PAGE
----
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Some Reflection from Before Rosh HaShanna, But Still Pertinent Today
Some Reflection from Before Rosh HaShanna, But Still Pertinent Today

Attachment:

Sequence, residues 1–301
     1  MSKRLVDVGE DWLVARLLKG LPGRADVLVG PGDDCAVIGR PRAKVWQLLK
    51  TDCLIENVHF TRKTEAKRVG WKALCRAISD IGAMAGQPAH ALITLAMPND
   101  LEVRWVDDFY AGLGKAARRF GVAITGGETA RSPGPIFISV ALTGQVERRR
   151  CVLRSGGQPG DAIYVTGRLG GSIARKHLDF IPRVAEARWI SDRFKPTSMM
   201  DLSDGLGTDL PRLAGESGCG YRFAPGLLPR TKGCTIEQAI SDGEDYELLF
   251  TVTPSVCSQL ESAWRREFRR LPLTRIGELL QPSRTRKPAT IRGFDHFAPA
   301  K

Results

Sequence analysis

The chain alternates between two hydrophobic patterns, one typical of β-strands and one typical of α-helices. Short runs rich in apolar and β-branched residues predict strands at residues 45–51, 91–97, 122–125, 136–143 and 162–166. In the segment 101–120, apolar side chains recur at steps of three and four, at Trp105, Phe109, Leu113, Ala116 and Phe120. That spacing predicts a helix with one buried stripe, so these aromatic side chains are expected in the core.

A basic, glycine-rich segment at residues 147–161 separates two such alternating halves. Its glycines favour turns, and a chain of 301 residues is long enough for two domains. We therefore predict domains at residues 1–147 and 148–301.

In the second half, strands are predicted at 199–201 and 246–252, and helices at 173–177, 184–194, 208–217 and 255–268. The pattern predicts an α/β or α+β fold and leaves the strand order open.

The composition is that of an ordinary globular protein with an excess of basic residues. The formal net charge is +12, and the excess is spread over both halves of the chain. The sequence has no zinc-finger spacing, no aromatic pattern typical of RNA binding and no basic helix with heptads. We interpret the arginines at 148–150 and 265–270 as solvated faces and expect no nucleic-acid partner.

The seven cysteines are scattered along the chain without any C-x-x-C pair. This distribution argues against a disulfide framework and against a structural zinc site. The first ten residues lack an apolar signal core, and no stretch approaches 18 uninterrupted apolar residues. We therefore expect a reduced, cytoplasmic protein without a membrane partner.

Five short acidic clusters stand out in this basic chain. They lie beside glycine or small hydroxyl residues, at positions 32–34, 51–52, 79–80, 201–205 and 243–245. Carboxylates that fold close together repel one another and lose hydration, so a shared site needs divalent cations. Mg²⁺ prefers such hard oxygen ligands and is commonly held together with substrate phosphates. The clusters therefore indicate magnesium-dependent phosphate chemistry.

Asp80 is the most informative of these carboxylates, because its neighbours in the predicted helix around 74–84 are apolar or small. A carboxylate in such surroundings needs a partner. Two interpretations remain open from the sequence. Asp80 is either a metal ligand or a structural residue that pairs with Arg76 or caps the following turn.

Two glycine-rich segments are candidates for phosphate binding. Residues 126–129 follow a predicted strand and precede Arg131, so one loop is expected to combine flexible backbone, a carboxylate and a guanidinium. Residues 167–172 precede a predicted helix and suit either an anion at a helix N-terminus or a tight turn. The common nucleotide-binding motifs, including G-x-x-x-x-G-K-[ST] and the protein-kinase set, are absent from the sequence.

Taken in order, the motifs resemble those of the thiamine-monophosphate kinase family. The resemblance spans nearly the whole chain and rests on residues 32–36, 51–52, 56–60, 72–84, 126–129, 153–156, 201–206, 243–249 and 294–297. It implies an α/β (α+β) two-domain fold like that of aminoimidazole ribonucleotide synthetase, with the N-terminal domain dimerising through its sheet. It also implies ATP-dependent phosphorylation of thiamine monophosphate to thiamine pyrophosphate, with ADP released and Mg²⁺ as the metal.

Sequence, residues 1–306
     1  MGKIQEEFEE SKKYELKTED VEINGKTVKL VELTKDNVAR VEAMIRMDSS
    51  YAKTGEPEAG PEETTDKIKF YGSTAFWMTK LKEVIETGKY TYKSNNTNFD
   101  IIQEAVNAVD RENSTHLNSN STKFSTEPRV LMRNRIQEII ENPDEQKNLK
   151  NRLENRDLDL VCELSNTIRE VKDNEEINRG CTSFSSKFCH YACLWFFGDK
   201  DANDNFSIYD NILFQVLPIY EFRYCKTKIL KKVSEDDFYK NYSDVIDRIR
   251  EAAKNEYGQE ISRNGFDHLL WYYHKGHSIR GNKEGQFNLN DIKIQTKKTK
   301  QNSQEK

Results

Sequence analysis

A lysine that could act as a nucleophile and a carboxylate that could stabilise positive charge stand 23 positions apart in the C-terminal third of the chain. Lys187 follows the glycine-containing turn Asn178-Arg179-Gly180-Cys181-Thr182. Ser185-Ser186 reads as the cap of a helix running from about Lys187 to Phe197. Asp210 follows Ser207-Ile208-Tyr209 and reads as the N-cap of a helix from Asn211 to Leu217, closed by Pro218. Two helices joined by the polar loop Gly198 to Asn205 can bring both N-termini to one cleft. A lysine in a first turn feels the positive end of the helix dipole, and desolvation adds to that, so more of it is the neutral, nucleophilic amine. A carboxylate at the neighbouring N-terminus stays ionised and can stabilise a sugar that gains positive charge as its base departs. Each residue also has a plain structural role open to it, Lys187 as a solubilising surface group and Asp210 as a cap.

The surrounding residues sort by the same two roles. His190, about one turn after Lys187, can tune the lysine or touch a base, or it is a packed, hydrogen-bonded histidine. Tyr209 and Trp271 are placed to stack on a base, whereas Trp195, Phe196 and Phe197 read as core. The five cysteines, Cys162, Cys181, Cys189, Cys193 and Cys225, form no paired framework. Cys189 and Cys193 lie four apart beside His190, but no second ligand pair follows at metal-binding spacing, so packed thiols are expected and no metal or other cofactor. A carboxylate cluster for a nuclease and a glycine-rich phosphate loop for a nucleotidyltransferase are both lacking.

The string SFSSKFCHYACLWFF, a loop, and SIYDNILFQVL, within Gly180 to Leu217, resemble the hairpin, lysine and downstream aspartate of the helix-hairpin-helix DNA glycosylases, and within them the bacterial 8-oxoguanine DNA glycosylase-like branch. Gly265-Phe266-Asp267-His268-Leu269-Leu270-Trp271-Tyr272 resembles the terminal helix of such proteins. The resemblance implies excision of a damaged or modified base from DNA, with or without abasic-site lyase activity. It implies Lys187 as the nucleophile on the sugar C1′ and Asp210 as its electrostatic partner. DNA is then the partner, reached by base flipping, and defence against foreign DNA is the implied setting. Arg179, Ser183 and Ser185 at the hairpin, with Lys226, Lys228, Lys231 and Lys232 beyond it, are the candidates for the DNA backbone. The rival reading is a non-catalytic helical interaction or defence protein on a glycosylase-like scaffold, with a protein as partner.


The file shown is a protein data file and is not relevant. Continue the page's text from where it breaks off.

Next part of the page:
Written from my vantage point, as a Torah observant Jew in Israel. Looking back at the year, reflecting on what was I think that we can all say with confidence that this year… was a really tough year. The Rosh HaYeshiva of Ohr David (where I teach) has mentioned to me that “if someone would have told you how difficult this year (according to the Jewish calandar) was going to be, you would have never believed them.” It’s so true. Millions of people, sick and dying. Millions more whose livelihoods have been turned upside-down. Our Battei Knesset (houses of prayer) closed, and our elderly and infirm at home, hiding in their homes. Who could have, or would have ever imagined this scenario? Indeed, it is so true. I certainly, we certainly would never have imagined that a pandemic, a mageifa (Hebrew) would happen. All this means is that we are lacking in emunah. Every single year, a great many times over the course of the year, we beg HaShem to save us from plagues/pandemics. For example, in the Avinu Malkenu (Our Father, Our King) prayer, we pray me’na mageifa m’amecha (prevent a plague (pandemic) from your people). During our Rosh haShanna and Yom Kippur prayers, in the ne’taneh tokef prayer, we mention all sorts of ways that people die, begging HaShem that we should be granted life and not die in any of these ways. One of the ways mentioned there is u’mi b’mageifa (and who will (die) of plague). What these prayers are trying to drive home to us is clear, there are always pandemics, it’s just that – baruch HaShem! – we have been thus far spared their effects. Just wandering down memory lane, many pandemics come to mind: bird flu, swine flu, SARS and more. They are prevalent in the world, it’s just that we haven’t really been on the receiving end. So no, we couldn’t have imagined this happening to us, and to the world as we know it… but we should have. Our sages, ob”m, teach us that there is nothing that happens in the world that isn’t for the sake of Israel. If there are hurricanes slamming down on the coastline of the United States, that is – in some way – for Israel. When a tsunami struck in Japan in 2011 and devastated the coastline, that was for Israel. (There were even headlines in Japan that blamed the Jews for it(!!!) and despite the ridiculousness of that statement, according to our sages, ob”m, it’s true). Tornados, landslides, earthquakes and pandemics. ALL OF IT IS FOR ISRAEL. There are two reasons that these things happen because of Israel. Either because our Great and Holy G-d, HaShem, King of Kings, is protecting Israel from some calamity that our enemies want to meet upon us; or, because we are supposed to take note of what happened, to take it to heart and change ourselves for the better as a result. Over the past twenty years we have heard numerous times about these pandemics, we read with interest about the suffering that was meted to the places that were affected by them, and then … we turned the page and kept reading. We didn’t learn the lesson. We didn’t wake up and become better people as a result. But HaShem, blessed be He, has mercy on His people. He doesn’t visit punishment on us right away. In His mercy, He shows us – to those of us who take notice – of how it slowly, but surely creeps closer to us. Just like the tza’ra’as affliction, a person who is deserving, say our sages, ob”m, doesn’t immediately get punished directly. First it afflicts his home. If he doesn’t pay attention, thinking “stuff just happens”, then HaShem brings it a little closer to home. Now, it appears on his clothing. Then, and only then, if he still doesn’t get it, does HaShem bring the nega on a person’s own body. Every year we have been reading u’mi b’mageifa, every so often we have seen the pandemics creeping closer, and closer to us, and we paid it no attention… until it was upon us as well. We have been asleep, and HaShem is sending us a message: Wake up! You’re not doing what you are supposed to be doing in the world! You’re missing the point of it all! My people, Israel! The holy Rambam, in the laws of teshuva (repentance) writes that even though the reason why we blow the shofar (ram’s horn) on Rosh haShanna is a gezerat ha’kasuv (a heavenly decree, i.e. we don’t know the real reason behind it) THERE IS A HINT IN IT. What’s the hint? Says the Rambam “Wake up, o’ you who are dozing, from your lethargy, and those who are (fully) asleep, awaken from your slumber! Search and review your actions, (note how poor your performance has been over the past year, and resolve to change) and do teshuva. (Return to the pristine state of purity and holiness that you are supposed to be on.) Woe unto you, says the Rambam, those who have lost their greatness to the hevlei ha’zman, the folly of your times. Awaken, o’Israel! The mageifa is upon us! It’s no longer over yonder! It’s here amongst us! Yet, Rosh haShanna has passed us by, and most of the ten days of repentance, and despite our heartfelt prayers… the number of the afflicted, the sick and the dying in the hospitals is growing. Now is the time, that we all ask ourselves the most amazing of questions. The most important, the most gratifying, the most painful. And that question is… whose fault is it? Ask around, anywhere in Israel, who is at fault for the situation that we find ourselves in today and you’ll hear different answers. Depending, of course, based on who it is that you are asking. “It’s the irreligious!”, some will say. Others will say “it’s the tziyonim (the Zionists)!”, others yet “the da’ti le’umi” and others still “the charedim”. Isn’t the blame game just so satisfying? Why do we do this? Because we all look around and say to ourselves, each and every community about itself, “Look what a wonderful society we have created!” “My community,” we all say to ourselves, “is so correct that it can’t be our fault!” everyone says. Is it any wonder why we’re still fasting on the 9th of Av? Is it any wonder that our Holy Temple isn’t standing in Jerusalem today in all of its holiness and glory? As long as there is someone else who is to blame, then I don’t have anything to worry about, right? “WAKE UP!” shouts the shofar. “PLEASE, MY NATION, WAKE UP!” says HaShem “take note of what’s going on around you. Change for the better!” U’MI B’MAGEIFA!!!!!!! To an extent, the irreligious are correct in blaming the religious communities. The Brisker Rav, Rav Chaim of Brisk, takes note in his derashos on the navi Yonah of an amazing thing. Yonah, son of Amittai, is told to bear prophecy to the city of Nineveh. Yonah runs away and is famously swallowed by the whale. Yet just before that, while the boat that he is in is floundering around, and everyone on board is afraid for their lives, Yonah is takin’ a shluf (Yiddish for sleep) on the lower level. The people above are doing what they can, they take out their idols and everyone is praying to them with all of their intent and intensity. When they offer to draw lots to see who is at fault for the situation that they find themselves in, Yonah announces to them bishvi’li ha’tzara ha’zos, “this affliction is all because of me.” Notes the Brisker Rav, what? It’s not because of all of the idol worship going on? It’s not because of the promiscuity, the underhandedness, or any of the other bad character traits and sins that everyone else on the boat has? The guy who has only one fault, he’s the cause of it all? Says the prophet: yes. It’s all my fault. The other people, they have some excuse for their actions. They may actually not know any better. But you, o’ religious Jew, who has been taught right from wrong, who had guides and teachers to show you the way, when we get it wrong – it’s a more severe problem. My brothers and sisters of Israel, all of you who are religious and believe in HaShem and His Torah, we are to blame! We are to blame collectively, and we are to blame individually. Let me ask a poignant question. If our society is doing well, if it is the society that it is supposed to be, then why are we getting the blame for spreading the virus? I’m not asking if the claim is true or not, that’s irrelevant. See, if our society, the Shomrei Torah u’Mitzvos (guards/practitioners of G-d’s Torah and His commandments), was the utopian society it was supposed to be, shouldn’t everyone be pointing to us as paragons of how to do it right? “Hey everyone!” it should be ringing in the world news everywhere. “If you want to see how it’s done, look at how those religious Jews are doing it! That’s how it’s done” we should be hearing from every corner… but we don’t. It is my feeling, that in addition to the message of HaShem’s mercy that we learn from the story of Yonah, another reason that we read it as the haftarah (prophets’ portion, read weekly and on holidays and fast days) of Yom Kippur is for this verse. Bishvili ha’tzara ha’zos. It’s my fault! I am to blame. I must change. If the world today isn’t the utopia that it is supposed to be, it’s not everyone else’s problem, it’s because of me. It’s because I have not changed myself. Because I have not been doing, or not been abstaining from that which I am supposed to be doing. I am to blame. The world was created with only one man, say our sages, so that everyone should say to themselves bish’vili nivra ha’olam. For me, alone, HaShem would have made the entire world too. To allow for me to reach my potential the entire world is worth it. But I also have the ability to destroy it if I miss the point of it all. If we cannot pray together in the battei Knesset (the temples) it’s because I am not treating them with enough respect. If we can’t join together for simchas, it’s because of my lack of respect for my fellow man. Bishvili ha’tzarah ha’zos. I am to blame. I’m the one who needs to change. If the world isn’t the place it’s supposed to be, it’s because we, the Jewish people aren’t what we are supposed to be. We didn’t pay attention. We didn’t wake up and become what we are supposed to be. My people, Israel! We are supposed to be a light unto the nations! A kingdom of priests, and a holy nation. The nations of the world are supposed to (and do!) look to us for their inspiration. We are supposed to be an example of a utopian society, that they can see and learn to model themselves after. If the world hasn’t become what it is supposed to be, that’s because we are not the people we are supposed to be. And we aren’t the people that we are supposed to be because we are all to preoccupied blaming our problems on what everyone else is doing… instead on each of us working on ourselves, and each of us making sure that I AM DOING WHAT I AM SUPPOSED TO BE DOING. “But Rabbi,” people that I have discussed this matter with have told me “what difference does it make if I do it? Everyone else still isn’t!” While that is true, if everyone else isn’t doing it, what you do won’t necessarily have much effect, however!!!!!! IF WE ALL STOP USING THIS AS AN EXCUSE FOR ME NOT TO DO IT… it will make all of the difference in the world. Does doing the right thing require of me to give up some of my comfort, some of my time, some of my peace of mind? Yes, it does. But I am here to tell you that to do so is to be a real oved HaShem. A true servant of G-d. Isn’t that what the Torah is all about? It’s about giving up what I want to do, or just feel like doing, in order to do what I need to do. To do right not because I feel like it, or even that I am to be rewarded for it, but because in doing so I become connected to something of actual good and worth. My people, Israel! We can argue about the pandemic until our faces are blue (hopefully not from a need for a respirator), but right now in Israel, our medical establishment (lockdown aside) is asking of each and every one of us 3 very small things: correctly wear a disposable surgical mask, social distance, and wash/sterilize your hands. If we would listen to them to perform melachos on Shabbos, don’t you thing we should in this instance as well? Imagine if all of our Torah-keeping society would be seen as doing this without any games, do you think that the rest of our brothers and sisters would look to blame us for spreading the virus? Of course, not. It should be clear, however, that I am not only talking about “following the virus rules” here. It’s also true of our own personal adherence to HaShem’s Torah, and His mitzvos as well. The virus is just a symptom, my brothers and sisters. It is bringing to the surface, revealing to us something about ourselves and how truly connected we are to HaShem and His Torah. But the underlying truth is this: You have no power to change anything in the world but yourself. But, if you change yourself for the better, you will have changed the entire world as well. _____________________________________________________________________  I don’t recall where at this time. It’s in parshas Metzorah for sure though.  Yes, I am aware of the confusing and conflicting messages that we are receiving in the media all of the time. I’m going to assume, for the sake of sanity, that the government isn’t lying about the matter and that they are not all morons creating panic for nothing, and endangering the economy and the lives of so many people on a whim. I will state, that in today’s world there are a great many people publishing a great many things about any aspect of the ongoing pandemic because it is a golden opportunity to “get their name out in the limelight” on a topic that is on the forefront of everyone’s mind. Anyone who finds anything that could be spinned as front page news has a very clear, very strong bias to publish their findings without any regard of the panic and/or damage it may do. Please take that into consideration when weighing in on this issue.  Not that they are not held accountable for this. Not all lack of knowledge, is unwilful lack of knowledge. Everyone has a drive to want to know about life and how to live it. Be”H, in my upcoming book, Core Emunah 3: Me & My G-d I try to explore this issue as best as I can.  For it to afford any protection to others, on the off-chance that I am infected, but have no symptoms, it must cover fully from above the nostrils until under the chin. If your nose is exposed – you cut the effectiveness. It’s not a kameya (a ward) against sickness, so wearing it on your chin does nothing. It is to prevent me from possibly infecting others.  Anything less seems to be almost, if not totally ineffective.